Aristotle, Plato and Socrates have resurfaced in Athens in the midst of Greece’s harrowing economic crisis, brought to life by a global philosophy congress in the very locations they once frequented.
Organised by the International Federation of Philosophical Societies (FISP) every five years in a different city — and in Athens for the first time — the congress was a welcome boost to the country’s struggling economy, and the Greek capital which has been hit hard by anti-austerity protests.
Most lectures took place at the Athens University’s philosophy department on the city’s leafy outskirts, but choice events were held in locations considered as hallowed philosophy ground by scholars worldwide.
These included the Lyceum of Aristotle, Plato’s Academy and the Pnyx, a hill near the Acropolis that hosted citizen assemblies in classical antiquity.
And for crisis-hit Greeks, “it’s moral support” to be reminded of their country’s special history, she said.
Event topics ranged from philosophy of politics, language, science and religion to ethics, cosmology and contemporary interpretations of the writings of Aristotle, Descartes, Heidegger, Kant, Nietzsche, Plato, Rousseau, Socrates and Spinoza.
Rediscovered in 1996, the Lyceum of Aristotle was one of three gymnasia where the city’s youth received physical and mental training, learning how to become future Athenian citizens some 2,500 years ago.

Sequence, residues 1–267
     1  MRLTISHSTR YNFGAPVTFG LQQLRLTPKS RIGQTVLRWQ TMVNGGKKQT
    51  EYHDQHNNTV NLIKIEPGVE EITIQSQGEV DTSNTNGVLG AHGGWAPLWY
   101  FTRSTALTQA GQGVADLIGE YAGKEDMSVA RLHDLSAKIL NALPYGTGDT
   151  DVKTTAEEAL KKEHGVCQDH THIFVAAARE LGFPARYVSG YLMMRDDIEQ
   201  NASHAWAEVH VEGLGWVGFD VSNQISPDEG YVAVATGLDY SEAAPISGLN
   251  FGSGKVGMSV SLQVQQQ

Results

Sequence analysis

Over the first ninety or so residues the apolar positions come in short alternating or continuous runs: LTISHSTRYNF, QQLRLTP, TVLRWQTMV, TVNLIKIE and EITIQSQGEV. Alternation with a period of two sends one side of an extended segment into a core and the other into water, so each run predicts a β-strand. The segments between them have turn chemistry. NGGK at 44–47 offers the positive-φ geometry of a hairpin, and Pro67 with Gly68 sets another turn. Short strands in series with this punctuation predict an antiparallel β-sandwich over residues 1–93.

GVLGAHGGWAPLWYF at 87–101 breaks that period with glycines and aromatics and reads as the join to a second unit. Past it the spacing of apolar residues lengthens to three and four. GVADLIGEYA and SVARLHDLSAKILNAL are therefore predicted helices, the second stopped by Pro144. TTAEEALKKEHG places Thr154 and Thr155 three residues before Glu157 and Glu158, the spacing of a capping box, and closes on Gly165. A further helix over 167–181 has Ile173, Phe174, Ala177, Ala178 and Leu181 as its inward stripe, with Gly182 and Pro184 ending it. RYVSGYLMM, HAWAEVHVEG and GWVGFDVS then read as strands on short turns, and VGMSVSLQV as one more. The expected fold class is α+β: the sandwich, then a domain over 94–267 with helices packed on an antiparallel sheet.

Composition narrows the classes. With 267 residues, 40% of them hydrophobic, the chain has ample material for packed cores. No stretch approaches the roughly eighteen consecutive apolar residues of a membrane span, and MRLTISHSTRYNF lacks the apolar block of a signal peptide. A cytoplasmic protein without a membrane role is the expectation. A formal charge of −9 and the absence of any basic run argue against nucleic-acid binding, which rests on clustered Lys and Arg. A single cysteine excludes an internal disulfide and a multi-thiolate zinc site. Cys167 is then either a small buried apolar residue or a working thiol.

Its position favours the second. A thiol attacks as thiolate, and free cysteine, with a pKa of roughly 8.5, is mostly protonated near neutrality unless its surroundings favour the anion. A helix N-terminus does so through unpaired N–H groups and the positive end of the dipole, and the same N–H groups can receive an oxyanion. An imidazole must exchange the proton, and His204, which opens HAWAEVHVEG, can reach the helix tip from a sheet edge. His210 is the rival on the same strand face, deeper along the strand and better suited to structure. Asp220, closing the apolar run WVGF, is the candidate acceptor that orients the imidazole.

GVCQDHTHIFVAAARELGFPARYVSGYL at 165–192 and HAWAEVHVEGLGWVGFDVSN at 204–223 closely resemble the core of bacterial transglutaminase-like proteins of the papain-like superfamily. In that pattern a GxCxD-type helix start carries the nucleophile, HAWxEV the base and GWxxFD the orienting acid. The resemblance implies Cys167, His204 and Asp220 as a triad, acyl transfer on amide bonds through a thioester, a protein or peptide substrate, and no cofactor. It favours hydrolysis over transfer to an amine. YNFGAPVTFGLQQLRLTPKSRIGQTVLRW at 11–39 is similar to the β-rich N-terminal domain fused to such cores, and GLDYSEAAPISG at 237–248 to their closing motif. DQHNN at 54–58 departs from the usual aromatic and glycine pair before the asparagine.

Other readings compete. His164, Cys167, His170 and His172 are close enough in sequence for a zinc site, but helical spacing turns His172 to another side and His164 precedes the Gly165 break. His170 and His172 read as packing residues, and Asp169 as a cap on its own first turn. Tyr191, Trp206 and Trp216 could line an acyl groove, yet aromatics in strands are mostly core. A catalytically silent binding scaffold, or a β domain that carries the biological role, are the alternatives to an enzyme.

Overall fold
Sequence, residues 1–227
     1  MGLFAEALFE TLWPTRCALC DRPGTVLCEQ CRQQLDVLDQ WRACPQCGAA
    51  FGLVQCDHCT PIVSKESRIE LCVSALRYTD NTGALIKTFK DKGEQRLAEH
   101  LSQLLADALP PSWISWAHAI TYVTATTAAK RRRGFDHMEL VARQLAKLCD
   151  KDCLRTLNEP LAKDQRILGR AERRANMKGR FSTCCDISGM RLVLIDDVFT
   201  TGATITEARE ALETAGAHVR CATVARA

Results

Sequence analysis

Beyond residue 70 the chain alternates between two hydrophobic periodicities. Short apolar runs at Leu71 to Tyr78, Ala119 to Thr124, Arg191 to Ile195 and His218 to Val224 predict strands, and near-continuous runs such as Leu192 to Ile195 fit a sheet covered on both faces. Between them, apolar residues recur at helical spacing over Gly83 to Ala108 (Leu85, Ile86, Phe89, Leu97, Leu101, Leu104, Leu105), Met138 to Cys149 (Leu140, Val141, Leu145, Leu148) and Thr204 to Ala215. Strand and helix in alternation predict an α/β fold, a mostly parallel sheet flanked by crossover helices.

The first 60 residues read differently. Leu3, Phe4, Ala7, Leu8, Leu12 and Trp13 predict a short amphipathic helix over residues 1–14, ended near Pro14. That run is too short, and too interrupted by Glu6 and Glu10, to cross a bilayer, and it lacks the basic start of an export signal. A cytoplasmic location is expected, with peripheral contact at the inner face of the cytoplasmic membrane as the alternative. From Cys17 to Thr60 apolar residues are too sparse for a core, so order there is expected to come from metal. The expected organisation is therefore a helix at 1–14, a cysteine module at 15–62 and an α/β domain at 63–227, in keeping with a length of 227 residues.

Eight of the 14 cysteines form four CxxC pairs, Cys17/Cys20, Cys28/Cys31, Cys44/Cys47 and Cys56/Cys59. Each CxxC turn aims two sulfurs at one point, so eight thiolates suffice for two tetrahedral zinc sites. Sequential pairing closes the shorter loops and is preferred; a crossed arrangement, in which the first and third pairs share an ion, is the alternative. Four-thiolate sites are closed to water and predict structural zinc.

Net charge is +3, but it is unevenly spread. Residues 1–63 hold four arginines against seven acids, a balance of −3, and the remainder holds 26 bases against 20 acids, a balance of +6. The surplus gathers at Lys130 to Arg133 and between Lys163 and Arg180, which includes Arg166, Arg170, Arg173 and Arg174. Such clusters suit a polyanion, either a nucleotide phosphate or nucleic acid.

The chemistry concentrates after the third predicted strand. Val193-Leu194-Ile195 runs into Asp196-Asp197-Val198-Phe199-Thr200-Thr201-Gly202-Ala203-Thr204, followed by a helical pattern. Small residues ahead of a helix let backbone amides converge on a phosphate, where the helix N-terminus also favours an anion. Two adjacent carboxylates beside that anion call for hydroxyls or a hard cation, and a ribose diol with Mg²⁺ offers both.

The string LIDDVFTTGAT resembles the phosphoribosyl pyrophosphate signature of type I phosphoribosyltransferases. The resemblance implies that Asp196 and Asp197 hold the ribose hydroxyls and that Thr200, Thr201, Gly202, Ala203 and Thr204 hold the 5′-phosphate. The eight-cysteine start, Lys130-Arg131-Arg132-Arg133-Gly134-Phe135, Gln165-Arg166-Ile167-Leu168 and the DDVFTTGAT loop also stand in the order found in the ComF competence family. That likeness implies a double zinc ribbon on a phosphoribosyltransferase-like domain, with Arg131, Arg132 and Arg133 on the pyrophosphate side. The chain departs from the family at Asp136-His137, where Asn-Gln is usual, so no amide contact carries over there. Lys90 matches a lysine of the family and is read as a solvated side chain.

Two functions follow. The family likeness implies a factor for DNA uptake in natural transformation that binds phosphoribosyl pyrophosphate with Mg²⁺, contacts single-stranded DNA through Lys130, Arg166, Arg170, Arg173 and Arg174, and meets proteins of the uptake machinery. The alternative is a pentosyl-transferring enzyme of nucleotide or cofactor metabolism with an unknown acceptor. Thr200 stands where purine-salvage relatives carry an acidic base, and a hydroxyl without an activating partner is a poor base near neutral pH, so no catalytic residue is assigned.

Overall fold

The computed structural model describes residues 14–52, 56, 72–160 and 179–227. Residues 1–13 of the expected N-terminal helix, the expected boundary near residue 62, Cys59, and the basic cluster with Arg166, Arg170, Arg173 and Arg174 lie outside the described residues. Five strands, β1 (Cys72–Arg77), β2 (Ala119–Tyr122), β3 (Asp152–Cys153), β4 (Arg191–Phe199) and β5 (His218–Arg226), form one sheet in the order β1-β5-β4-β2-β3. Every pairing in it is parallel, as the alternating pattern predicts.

It was abandoned in the fourth century AD and was unearthed in central Athens during excavation work on a modern art museum.
Archaeologists are still researching the 1.1-hectare (2.7-acre) site, which includes the remains of the Lyceum and the Palaistra — or wrestling school — and is still not open to the general public.
A bit further afield, some two kilometres (1.2 miles) from the city centre lies Plato’s Academy, arguably the world’s first university, founded in the fourth century BCE, and later shut down by the Byzantine emperor Justinian.
On Tuesday, it saw Enrico Berti of Italy analyse the contemporary relevance of Aristotle’s philosophy as Japan’s Noburu Notomi dissected Platonic influences in East Asia.
And at the Pnyx on Thursday, Chinese professor Chen Lai expounded on the practical wisdom in Confucian philosophy while Alexander Nehamas of Princeton University asked: “Is living an art that can be taught?”.
Lectures were also given on the banks of the ancient river Ilissos — which was mostly covered up in the early 20th century — where Socrates famously “taught that eros is love of knowledge, truth and beauty,” the organisers said.
For participants, Greek as well as foreign, it was an opportunity to transcend daily troubles.
Boni admitted that philosophy may not hold answers to the crisis.